This is a really good question and I would like to see more good answers. Here are the ones that I am aware of:
- Hardcode the password(s) in the application.
- Keep the password(s) in a file.
- Store the password in an external system and retrieve it at startup.
Of these the first is the most common and often the password is 'password' or 'changeit' etc. The second option might seem better at first glance but it's hard to explain how exactly. The last option is probably the only one that has a hope of doing anything meaningful. I know of vendor solutions that do this kind of thing and claim to improve security.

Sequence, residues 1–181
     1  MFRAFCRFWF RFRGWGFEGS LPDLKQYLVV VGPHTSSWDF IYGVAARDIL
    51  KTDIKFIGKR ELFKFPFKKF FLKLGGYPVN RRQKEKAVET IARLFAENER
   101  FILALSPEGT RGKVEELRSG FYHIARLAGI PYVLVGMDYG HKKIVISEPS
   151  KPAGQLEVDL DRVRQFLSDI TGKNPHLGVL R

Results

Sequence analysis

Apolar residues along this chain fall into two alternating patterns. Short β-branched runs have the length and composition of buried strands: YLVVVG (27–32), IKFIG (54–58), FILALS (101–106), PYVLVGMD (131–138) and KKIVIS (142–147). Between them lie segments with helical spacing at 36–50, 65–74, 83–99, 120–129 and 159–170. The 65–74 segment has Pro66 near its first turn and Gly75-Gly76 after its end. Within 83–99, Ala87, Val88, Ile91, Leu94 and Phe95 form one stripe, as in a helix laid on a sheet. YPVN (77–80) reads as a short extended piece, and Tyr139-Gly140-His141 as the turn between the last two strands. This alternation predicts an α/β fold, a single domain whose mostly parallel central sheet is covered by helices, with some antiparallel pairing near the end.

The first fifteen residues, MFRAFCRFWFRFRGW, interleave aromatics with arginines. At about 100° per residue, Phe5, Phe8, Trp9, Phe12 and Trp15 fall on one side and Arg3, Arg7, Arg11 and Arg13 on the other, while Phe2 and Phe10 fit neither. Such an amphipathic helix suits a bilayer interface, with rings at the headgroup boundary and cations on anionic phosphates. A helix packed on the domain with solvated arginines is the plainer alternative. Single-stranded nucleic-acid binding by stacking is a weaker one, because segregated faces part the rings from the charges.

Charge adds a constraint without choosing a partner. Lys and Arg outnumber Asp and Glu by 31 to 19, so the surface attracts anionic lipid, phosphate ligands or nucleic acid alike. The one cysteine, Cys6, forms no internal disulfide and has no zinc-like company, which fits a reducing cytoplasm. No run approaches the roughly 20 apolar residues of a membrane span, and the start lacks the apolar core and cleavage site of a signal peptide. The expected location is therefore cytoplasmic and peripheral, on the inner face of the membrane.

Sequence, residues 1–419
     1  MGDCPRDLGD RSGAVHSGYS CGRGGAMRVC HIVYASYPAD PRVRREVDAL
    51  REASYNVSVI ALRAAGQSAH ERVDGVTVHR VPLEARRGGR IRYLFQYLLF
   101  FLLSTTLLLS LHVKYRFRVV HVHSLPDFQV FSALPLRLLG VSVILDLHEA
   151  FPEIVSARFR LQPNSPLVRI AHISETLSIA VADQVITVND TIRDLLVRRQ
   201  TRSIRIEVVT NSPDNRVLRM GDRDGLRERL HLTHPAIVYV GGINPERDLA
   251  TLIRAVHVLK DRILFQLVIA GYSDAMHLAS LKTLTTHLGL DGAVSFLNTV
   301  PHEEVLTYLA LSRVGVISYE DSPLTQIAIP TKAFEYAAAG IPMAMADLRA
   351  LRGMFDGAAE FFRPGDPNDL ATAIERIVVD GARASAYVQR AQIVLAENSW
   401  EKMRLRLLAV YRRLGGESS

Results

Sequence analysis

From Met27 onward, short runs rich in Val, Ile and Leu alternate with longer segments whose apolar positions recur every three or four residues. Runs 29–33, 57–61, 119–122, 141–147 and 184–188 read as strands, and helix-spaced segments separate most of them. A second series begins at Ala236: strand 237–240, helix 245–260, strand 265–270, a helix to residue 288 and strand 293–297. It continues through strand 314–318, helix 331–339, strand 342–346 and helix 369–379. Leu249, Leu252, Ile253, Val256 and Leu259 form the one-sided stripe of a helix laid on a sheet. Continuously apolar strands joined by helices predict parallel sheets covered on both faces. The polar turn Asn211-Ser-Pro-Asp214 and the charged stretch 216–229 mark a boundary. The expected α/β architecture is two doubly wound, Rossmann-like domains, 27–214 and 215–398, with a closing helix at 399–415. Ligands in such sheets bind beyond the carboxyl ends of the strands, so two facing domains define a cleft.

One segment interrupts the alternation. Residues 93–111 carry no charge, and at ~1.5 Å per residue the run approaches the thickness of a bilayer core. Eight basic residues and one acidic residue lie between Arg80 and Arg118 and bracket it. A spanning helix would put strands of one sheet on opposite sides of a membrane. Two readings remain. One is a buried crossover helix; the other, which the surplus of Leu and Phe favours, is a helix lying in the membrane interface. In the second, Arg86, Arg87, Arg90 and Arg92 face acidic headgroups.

The fundamental issue here is that if an attacker is on the host with enough access to see the application space, there's really nothing you can do to keep them from getting this password. At some point it must be in memory in the clear.
As I see it, the password on the keystore protects it mainly in situation that the keystore itself has been retrieved from the machine without actually having access to that machine directly. With that file, an attacker can hammer it at will to get the secrets out of it. If you don't have a strong password on it, game over. If the attacker can pull that file, then they likely can pull other files that the password could be stored in. This puts options 1 and 2 in doubt.
As far as the 3rd option goes, the problem now moves to how you authenticate the clients in order to retrieve the password. I know there are a number of schemes for doing this such as depending on the host/network and using signatures on the binaries. You could have an entire discussion just on how to do this and what level of protection it brings.